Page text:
[R] organizing plot drawing routines; creating complex expressions

From: Steven Lacey <slacey_at_umich.edu>
Date: Thu 08 Dec 2005 - 03:39:31 EST


Hi,  

My general goal is to find a coding strategy to efficiently store and retrieve drawing routines for different plots.  

This is my approach so far. In a single text file I store multiple drawing routines where each routine draws a different plot.  

A drawing routine may look like this:  

          panel.mean <- function(means,...){
                                 dots <- list(...)
                                 dots$x <- means$data$trial.bin
                                 dots$y <- means$data$Freq
                                 dots$group<-
means$data$expected.hierarchyTo
                                 dots$typ <- "l"
                                 dots$lty <- 3
                                 dots$lwd <- 1
                                 do.call(panel.superpose,dots)
                             }
          arg <- list()
          arg$formula <- formula(Freq~trial.bin|subj)
          arg$group   <- quote(expected.hierarchyTo)
          arg$data <- atm.errors.intrusion.none[["frequency~hdt*prac*subj"]]
          arg$as.table <- TRUE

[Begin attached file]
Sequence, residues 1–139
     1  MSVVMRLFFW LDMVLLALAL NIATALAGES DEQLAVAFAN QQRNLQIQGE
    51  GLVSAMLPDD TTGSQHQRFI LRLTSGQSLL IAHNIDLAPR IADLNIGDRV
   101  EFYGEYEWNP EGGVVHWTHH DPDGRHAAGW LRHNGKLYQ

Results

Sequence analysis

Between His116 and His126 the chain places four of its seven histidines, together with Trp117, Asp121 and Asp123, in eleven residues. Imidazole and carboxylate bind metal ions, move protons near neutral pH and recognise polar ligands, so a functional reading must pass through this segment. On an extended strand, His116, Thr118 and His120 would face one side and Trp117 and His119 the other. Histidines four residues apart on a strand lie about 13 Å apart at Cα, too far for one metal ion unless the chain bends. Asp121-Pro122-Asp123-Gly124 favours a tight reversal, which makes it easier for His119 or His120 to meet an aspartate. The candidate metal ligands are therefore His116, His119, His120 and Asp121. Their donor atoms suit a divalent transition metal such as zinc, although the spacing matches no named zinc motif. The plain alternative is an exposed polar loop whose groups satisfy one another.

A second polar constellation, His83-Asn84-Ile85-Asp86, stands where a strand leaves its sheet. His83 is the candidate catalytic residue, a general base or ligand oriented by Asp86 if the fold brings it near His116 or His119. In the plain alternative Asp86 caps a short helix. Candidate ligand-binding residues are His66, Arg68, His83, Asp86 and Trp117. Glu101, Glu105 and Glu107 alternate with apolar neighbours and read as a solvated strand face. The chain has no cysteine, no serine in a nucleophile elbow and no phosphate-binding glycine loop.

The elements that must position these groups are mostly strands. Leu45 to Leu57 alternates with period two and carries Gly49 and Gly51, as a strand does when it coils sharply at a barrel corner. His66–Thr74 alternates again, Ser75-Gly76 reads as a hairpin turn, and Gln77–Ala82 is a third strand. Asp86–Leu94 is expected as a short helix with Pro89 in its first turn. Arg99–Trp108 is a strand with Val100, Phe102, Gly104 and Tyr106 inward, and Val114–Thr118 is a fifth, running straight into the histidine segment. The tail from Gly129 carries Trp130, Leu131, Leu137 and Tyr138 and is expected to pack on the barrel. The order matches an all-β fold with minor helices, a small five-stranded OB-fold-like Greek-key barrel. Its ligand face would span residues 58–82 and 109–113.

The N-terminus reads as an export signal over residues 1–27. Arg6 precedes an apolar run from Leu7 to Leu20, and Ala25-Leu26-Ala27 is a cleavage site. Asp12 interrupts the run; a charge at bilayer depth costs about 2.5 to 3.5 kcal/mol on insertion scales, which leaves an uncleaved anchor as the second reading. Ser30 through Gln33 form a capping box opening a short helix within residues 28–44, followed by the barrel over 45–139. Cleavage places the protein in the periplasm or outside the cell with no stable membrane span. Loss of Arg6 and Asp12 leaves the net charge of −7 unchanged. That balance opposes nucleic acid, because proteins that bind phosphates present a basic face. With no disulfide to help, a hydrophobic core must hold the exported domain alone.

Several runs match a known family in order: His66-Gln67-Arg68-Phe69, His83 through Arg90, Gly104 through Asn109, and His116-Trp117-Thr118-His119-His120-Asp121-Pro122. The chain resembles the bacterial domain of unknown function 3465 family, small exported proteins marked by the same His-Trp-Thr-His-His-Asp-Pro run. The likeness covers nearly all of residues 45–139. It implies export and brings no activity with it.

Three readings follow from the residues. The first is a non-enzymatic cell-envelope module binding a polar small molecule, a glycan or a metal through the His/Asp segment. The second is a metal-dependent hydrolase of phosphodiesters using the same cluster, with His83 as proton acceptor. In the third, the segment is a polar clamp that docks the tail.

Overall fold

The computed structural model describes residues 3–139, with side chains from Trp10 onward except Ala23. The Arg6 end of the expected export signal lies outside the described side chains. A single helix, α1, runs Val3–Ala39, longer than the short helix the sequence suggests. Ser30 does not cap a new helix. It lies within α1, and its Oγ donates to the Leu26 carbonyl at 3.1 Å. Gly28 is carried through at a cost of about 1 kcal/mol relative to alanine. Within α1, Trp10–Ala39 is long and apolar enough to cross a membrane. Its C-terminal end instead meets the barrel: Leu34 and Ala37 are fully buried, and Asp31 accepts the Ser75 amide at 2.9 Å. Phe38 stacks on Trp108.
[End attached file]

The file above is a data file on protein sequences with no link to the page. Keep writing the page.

arg$layout <- c(3,4)
          arg$col <- c("green","blue","red")
          arg$lwd <- 2
          arg$typ <- "b"
          arg$pch <- 17
          arg$lty <- 1
          arg$xlab <- "Trial Bin"
          arg$ylab <- "Frequency of Error Type"
          arg$main <- "ATM Experiment: Frequency of Intrusion-none Button
Presses During Error Trials\nAs A Function of Hierarchy Traversal Distance To Current Expected Button Press"
          arg$scales <- list(rot=c(90,90))
          arg$sub <- date()
          arg$means <-

list(data=gsummary(subset(arg$data,select=c("expected.hierarchyTo","trial.bi n","Freq")),form=~expected.hierarchyTo/trial.bin,mean))

          arg$par.settings <-
list(background=list(col="white"),strip.background=list(col="white"))

          arg$panel <-
function(x,y,means,...){panel.mean(means,...);panel.superpose(x,y,...)}

          print(do.call("xyplot",arg))
          key <-

draw.key(list(background="white",border=TRUE,text=list(lab=levels(arg$data$e xpected.hierarchyTo)),lines=list(col=arg$col,pch=arg$pch,lty=arg$lty,lwd=arg $lwd)))  

vp<-viewport(x=0.9,y=grobHeight(key)+unit(0.07,"npc"),just=c("right","top"), width=grobWidth(key),height=grobHeight(key))

          pushViewport(vp)
          grid.draw(key)        
 

As you can see each routine is a sequence of commands required to draw a single plot. Each routine is separated in the text file by comments. If I wanted all these plots drawn I could source the file, but often I want only one. Each time I want to draw one of these I 1) open the text file, 2) scroll to the code for the desired plot, then copy and paste the code into the R console. Is there a more efficient way to store and retrieve these drawing routines?